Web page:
While much of the power to conduct foreign affairs is granted to the president by the U.S. Constitution, Congress can and should still shape foreign policy and play a vital role in ensuring the world remains a safe place and that our citizens are protected from harm.
For example, Congress maintains control over the “purse strings” and funds our national defense and foreign assistance. As a member of the House Appropriations Committee, I have had the opportunity to see firsthand how foreign assistance is used to support American values all over the world. On average, about one percent of foreign aid is provided as direct budget support (cash) to foreign governments. The remainder of aid is given in the form of expert technical advice, training, equipment, vaccines, food, educational exchanges and applied research. Much of the work done by America and its citizens internationally is crucial to lifting developing countries out of poverty and promoting long-term development.
Additionally, through the appropriations process, Congress can help ensure that funding goes to countries to build stability and counter international threats. Approximately 1.3 percent of the total federal budget is designated for foreign assistance from all federal sources. Aid that promotes global prosperity, democracy and rule of law, economic growth and humanitarian interests reflects American values and global leadership.
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Certainly the most valuable friends in life are those who are unafraid to speak the honest, unapologetic truth when it desperately needs to be heard. Through his powerful speech before Congress, Israeli Prime Minister Benjamin Netanyahu proved that he, and his country, remains exactly that kind of honest and true friend to the United States.
In the global war on terror, the United States has no better ally and friend than the State of Israel. Surrounded by enemies intent on destroying them, Israel has more at stake in this war than any other nation in the world. Moreover, our two nations share a commitment to living peaceably, fighting terrorism, defending freedom and protecting democracy. As terrorist activities in the Middle East become more barbaric, we must continue to value, nurture and respect our relationship with Israel, still our most reliable ally in the region.
Recently, I had the opportunity to hear two competing portrayals of the global situation, along with visions of the role that America should play in it. In a world that becomes more closely-linked by the day through air travel, digital communication and trade, the steps and direction that our nation takes today with its foreign policy must be decisive, determined and constantly monitored.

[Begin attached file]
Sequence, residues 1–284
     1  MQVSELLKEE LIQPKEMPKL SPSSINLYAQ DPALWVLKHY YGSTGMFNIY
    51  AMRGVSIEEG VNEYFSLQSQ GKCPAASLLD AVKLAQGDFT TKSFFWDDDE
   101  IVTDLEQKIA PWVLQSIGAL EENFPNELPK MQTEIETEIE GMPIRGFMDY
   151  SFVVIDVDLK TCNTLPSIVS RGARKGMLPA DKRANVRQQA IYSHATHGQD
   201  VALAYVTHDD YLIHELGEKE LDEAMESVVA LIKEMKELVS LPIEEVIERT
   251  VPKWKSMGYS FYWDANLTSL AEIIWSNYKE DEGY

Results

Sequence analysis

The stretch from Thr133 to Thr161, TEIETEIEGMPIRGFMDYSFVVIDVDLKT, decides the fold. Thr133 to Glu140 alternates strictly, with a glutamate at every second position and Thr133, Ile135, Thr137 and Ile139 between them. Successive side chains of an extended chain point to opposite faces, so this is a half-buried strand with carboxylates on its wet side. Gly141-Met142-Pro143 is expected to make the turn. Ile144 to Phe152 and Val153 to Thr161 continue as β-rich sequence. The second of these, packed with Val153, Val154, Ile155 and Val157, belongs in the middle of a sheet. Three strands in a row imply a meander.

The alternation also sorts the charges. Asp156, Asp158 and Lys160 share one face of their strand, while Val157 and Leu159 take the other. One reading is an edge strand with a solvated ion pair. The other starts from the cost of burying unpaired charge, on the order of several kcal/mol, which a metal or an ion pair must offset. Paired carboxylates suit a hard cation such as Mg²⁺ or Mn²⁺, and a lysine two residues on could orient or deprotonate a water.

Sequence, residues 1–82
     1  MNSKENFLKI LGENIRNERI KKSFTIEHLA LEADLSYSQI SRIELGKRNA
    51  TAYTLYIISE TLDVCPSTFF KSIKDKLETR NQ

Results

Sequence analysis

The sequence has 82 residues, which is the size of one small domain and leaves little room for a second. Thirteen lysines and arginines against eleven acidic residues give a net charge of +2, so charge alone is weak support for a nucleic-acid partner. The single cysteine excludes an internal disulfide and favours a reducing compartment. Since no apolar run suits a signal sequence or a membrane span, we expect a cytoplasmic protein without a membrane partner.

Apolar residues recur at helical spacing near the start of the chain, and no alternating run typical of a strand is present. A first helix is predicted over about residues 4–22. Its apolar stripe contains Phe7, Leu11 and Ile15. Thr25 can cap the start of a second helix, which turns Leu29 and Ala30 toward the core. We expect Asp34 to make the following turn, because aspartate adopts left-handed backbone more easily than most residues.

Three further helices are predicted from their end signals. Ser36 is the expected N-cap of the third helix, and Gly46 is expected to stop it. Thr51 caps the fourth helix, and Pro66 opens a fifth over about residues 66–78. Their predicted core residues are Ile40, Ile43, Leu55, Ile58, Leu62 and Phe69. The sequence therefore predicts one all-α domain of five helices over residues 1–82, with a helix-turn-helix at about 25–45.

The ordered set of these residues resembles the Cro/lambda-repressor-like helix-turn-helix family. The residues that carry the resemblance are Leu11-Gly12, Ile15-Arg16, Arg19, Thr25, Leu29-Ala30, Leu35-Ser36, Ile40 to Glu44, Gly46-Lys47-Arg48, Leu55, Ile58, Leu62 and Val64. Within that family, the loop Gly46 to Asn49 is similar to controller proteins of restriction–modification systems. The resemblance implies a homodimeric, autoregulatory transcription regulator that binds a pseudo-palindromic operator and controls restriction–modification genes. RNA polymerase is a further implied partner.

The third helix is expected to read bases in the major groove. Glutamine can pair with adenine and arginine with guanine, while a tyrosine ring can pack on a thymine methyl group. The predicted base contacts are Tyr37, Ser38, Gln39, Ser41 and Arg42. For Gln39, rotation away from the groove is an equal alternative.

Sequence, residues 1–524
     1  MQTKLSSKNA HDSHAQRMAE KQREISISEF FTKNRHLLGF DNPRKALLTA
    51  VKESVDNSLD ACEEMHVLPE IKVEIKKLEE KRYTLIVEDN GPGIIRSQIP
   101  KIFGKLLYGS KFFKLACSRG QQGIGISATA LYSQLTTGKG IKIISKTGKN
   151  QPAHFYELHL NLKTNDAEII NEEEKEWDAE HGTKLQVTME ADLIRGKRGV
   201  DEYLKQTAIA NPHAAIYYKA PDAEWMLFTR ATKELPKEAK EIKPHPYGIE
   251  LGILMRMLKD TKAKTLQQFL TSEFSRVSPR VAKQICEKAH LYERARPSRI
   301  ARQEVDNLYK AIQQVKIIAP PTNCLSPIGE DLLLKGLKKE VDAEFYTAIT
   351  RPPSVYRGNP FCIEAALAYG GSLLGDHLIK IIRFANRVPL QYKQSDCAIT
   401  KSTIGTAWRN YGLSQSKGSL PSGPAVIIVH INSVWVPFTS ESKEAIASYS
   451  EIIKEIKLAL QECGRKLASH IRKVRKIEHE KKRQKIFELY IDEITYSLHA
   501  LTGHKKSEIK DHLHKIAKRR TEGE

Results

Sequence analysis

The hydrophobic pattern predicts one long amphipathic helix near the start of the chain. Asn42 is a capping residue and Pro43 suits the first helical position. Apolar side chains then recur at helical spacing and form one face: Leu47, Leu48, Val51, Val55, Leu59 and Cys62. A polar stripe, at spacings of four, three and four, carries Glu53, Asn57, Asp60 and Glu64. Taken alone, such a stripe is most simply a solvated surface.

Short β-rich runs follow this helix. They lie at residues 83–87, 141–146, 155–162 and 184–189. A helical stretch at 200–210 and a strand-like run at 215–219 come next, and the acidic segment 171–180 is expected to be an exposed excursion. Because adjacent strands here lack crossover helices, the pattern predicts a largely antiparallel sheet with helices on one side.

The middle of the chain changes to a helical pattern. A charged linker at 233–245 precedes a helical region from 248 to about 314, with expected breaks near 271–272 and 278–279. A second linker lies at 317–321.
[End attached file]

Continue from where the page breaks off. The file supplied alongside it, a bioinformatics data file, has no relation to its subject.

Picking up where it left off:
Certainly, we always celebrate the safe return of one of our own. Especially before the holidays, we understand the relief felt by the family, friends and loved ones of Alan Gross, the U.S. citizen who was held captive in Cuba for five years after entering the country as a contractor. On the same day as the release of Gross last week, the Obama Administration announced a plan to “normalize relations” with the corrupt Castro regime responsible for the imprisonment. The steps ahead include efforts to re-establish diplomatic relations and open commerce by lifting sanctions.
Wall Street Journal - Byron Tau
President Barack Obama invoked the responsibility of the U.S. to lead on the world stage as he renewed his call for Congress to pass a $6.2 billion emergency aid package aimed at combating the Ebola outbreak.
Speaking at an event at the National Institutes of Health in Bethesda, Md., Mr. Obama said American leadership at home and abroad was needed to tackle the deadly disease worldwide. “We need to protect the American people, and we need to show the world how America leads,” the president said.
Since 1984, Iran has been designated by the U.S. Department of State as a sponsor of terrorism around the world. Without question, this designation has set a precedent in our relationship with Iran, causing distrust and caution in our dealings with the country. In fact, last year was the first time since 1979 that direct communication between the U.S. and Iranian heads of government even took place, when President Barack Obama reached out to Iranian President Hassan Rouhani with a phone call.
Over the last several months, we have all kept a close watch over the alarming outbreak of the Ebola virus in West Africa. Primarily impacting the countries of Liberia, Sierra Leone and Guinea, our concern is certainly shared with those who have lost loved ones to this disease. As Americans, our first inclination in the midst of suffering is to lend a helping hand and prevent a situation from growing from bad to worse.